In the past few months, however, the housing market has begun to slow in response to rising interest rates. Since March, the Bank of Canada has raised its policy interest rate by 175 basis points — the equivalent of 1.75 percent — in an effort to contain inflation. “You do see some households take a bit of a step back as they have to reposition themselves in the market,” Mr. Mercer said. “It may be they need to find a less expensive home, a different location, or time to save up more of a down payment.”
Added Mr. Powell, “We’re in a pause — things have changed a lot in the last month.”
The real estate board reported 7,283 sales in the greater Toronto area in May, down 39 percent from May 2021, and down 9 percent from the previous month. The overall average selling price for all property types was 1.21 million Canadian dollars ($962,000), down roughly 7 percent over the previous two months.
The two trends suggest a more balanced market, which should allow for “a little more negotiating power for people still active in the marketplace,” Mr. Mercer said.
Toronto’s prime central neighborhoods, including Rosedale, Lawrence Park and Forest Hill, remain highly competitive, as they have a chronic dearth of available homes, said Cailey Heaps, the president and C.E.O. of the Heaps Estrin Team. According to the real estate board, a detached house in the city currently averages just under 2 million Canadian ($1.59 million), while a condo averages around 800,000 Canadian ($635,000).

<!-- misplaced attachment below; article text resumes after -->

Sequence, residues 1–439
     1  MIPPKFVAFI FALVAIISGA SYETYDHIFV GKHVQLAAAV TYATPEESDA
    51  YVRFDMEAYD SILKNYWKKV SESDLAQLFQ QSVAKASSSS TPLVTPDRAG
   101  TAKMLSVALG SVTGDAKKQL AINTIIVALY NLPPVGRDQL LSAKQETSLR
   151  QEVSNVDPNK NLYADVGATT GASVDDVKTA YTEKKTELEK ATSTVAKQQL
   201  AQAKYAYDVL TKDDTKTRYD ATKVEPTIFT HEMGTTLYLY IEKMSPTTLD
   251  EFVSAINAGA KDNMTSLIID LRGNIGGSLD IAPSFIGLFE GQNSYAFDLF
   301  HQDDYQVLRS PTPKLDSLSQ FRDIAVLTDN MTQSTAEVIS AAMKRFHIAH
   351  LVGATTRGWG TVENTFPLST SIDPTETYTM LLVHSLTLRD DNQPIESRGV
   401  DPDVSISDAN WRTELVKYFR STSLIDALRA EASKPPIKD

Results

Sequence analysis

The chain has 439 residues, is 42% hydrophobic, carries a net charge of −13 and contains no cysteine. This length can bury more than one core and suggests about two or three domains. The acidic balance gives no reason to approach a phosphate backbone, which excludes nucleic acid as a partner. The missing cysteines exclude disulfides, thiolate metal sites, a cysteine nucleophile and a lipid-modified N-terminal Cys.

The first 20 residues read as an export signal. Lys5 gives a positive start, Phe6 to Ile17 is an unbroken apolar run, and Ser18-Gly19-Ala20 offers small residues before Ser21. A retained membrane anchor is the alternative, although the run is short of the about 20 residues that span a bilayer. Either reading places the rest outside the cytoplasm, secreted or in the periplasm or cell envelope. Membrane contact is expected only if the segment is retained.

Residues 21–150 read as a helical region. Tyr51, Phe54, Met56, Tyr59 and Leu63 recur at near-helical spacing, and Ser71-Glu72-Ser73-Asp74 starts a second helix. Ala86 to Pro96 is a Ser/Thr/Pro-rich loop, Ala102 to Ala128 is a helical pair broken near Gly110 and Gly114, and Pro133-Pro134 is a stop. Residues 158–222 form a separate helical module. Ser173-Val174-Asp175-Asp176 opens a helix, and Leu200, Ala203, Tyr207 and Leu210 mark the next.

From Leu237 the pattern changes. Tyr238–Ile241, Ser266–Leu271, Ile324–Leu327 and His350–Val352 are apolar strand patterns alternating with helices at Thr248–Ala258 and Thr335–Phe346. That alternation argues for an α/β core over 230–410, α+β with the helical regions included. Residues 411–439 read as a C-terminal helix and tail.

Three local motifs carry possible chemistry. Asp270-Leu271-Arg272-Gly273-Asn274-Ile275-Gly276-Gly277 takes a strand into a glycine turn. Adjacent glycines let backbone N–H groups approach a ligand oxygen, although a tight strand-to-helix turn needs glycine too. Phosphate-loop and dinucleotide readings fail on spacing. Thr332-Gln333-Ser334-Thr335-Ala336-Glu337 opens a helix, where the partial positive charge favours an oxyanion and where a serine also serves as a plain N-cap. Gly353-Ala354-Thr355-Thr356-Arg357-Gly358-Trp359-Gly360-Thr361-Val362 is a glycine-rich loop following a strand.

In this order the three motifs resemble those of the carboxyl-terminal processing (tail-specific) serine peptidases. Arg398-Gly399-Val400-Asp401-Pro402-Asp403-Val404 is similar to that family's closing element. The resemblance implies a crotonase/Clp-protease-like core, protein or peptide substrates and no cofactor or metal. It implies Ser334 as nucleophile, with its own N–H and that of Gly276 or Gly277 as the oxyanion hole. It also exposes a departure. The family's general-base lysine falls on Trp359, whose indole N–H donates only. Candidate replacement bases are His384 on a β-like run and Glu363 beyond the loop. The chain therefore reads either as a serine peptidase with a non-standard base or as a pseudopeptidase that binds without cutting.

In addition, the luxury market in general continues to perform “exceptionally well,” Ms. Heaps said. “Buyers understand the scarcity of the product they’re looking for.”
In Port Hope, the average selling price for the 38 homes sold in April and May was 909,000 Canadian ($723,000), a 28 percent increase over a year ago, according to Zolo, a real estate listing site.
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